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Potassium Speaks Up

April 27, 2013
By: Darrell Smith, Farm Journal Conservation and Machinery Editor
p38 Potassium Speaks Up
Potassium is involved in many vital plant processes, including standability and the regulation of water loss. But picking the best timing, rate and method of application all depend on using your soil test correctly.  
 
 

Know how your fertilizer recommendation was calculated to tailor potassium applications to soil type 

The purpose of a soil test is to let your soil do the talking. Understanding what you’re hearing and seeing, then dialing in the correct rate of potassium (K) fertilizer based on testing method, leads to a healthy soil–crop–farmer relationship.

"Problems arise when advisers use the same recommendation procedure across different soil test extraction methods," explains Farm Journal Field Agronomist Ken Ferrie. "There are numerous ways to analyze soil potassium levels. You, or your adviser, must understand which testing technique was used in order to interpret the results and formulate an accurate fertilizer recommendation."

K recommendations based on soil test findings can be detailed in the following ways:

  • parts per million (ppm)
  • pounds (you can convert ppm to pound per acre by multiplying the ppm number by 2)
  • ppm or pounds, but adjusted based on the cation exchange capacity (CEC) of the soil
  • base saturation of cations
  • ppm, base saturation and CEC

Method 1. The simplest way to make a potassium recommendation is to base it on ppm or pounds of K shown on the soil test. "Typically, this type of recommendation is geared to crop removal, along with building up or pulling back soil test levels," Ferrie says. "The goal is to keep the soil potassium level in the optimum range.

"You can tell if this is the source of your adviser’s recommendation by reading your soil test; it will only report pounds or ppm of K, along with the soil’s phosphorus and pH levels. If you use computer software to formulate this kind of recommendation, the only thing you’ll need to enter will be the K reading from the soil test."

The ppm or pound method has some shortcomings. "If there’s a lot of variability in your soils the recommended rate of fertilizer might fall short," Ferrie says. "Most laboratories would say you want somewhere around 350 lb. to 400 lb., or 175 ppm to 200 ppm, of K per acre. But, actually, whether a certain level of K is high or low depends on the soil’s cation exchange capacity (a measure of the soil’s ability to hold nutrients) or texture class.

"Soils with higher cation exchange capacities need higher potassium levels to ensure sufficient K in the soil solution. For example, 190 ppm K might be excessive in a soil with a CEC of 6; you could get luxury feeding of potassium by the crop.

p40 Potassium Speaks Up

Some soils might benefit from potassium applications throughout the season, such as at sidedressing.


"On the other hand, 190 ppm K may be too low for optimum plant growth in a soil with a CEC of 25. We and others have documented this by tissue testing and scouting for deficiencies.

"So a recommendation based only on pounds or ppm only works on a narrow range of soils with limited variability. It is fine if you farm uniform soil, but most farmers don’t."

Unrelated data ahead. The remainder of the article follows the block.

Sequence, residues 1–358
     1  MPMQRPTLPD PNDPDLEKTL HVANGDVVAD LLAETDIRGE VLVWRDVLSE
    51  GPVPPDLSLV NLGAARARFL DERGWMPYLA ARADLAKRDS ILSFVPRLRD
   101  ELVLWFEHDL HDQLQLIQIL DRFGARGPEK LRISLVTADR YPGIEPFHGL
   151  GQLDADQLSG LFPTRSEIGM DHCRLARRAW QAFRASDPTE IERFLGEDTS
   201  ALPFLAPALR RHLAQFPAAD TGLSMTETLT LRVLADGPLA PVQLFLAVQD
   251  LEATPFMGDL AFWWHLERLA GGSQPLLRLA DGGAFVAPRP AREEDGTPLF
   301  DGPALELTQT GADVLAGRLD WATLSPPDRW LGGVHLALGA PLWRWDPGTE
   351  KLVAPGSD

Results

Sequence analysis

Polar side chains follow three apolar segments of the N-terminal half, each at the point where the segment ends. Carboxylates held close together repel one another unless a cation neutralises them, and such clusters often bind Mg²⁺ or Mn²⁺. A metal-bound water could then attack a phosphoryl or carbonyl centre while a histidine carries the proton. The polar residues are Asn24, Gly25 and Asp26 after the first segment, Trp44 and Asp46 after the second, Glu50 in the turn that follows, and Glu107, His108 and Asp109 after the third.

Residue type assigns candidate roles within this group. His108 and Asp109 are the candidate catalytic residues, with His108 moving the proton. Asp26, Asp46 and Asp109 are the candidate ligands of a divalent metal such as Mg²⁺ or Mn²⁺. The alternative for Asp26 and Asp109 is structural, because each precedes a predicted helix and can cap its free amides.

Method 2. The next simplest way to make a recommendation is to look at ppm of K and then adjust the recommendation based on the soil’s texture or CEC. "This fixes one of the weaknesses of the first method." Ferrie says. "To do this you have to know the CEC of the soils you farm. You can get the CEC from your soil test or by looking at soil survey information online or in a soil survey publication.

"If you want your soil test laboratory to analyze the CEC of your soils, pull samples by soil type rather than by a standard grid system. You can use the smart-grid system, in which you pull the same number of samples, but adjust the location of the grids to stay within soil textures."

Handbooks published by land-grant universities often contain this type of recommendation, based on ppm K and soil texture or CEC, Ferrie notes. (The more sand, the lower the CEC; the more clay, the higher the CEC.) But some recommend different K levels for various CECs or texture classes, so follow your state recommendations.

Method 3. A third method for formulating K recommendations is to adjust the fertilizer rate based on the soil’s base saturation level of potassium. "This involves comparing the base saturation of potassium to the base saturation of magnesium and calcium," Ferrie says. "Most advisers who use this method try to hold base saturation of K between 3% and 5%."

This method also has a weakness. A recommendation made only on base saturation might be inaccurate on low- or high-CEC soils. "If a soil test reads only 85 ppm K, but the CEC of the soil is only 4, the base saturation percentage would be high enough that a K application would not be recommended," Ferrie says. "But with only 85 ppm K, you won’t have enough K to meet the demand of the growing crop.

"On the other end of the spectrum, a soil with a CEC of 30 could have 200 ppm K and still not reach the desired base saturation level. In fact, with a CEC of 30, it might not be economically feasible to reach the desired base saturation level. In soils like these, you would need to think about annual K applications, banding and making multiple applications throughout the season, to keep K available as the plants need it."

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FEATURED IN: Farm Journal - Late Spring 2013

 
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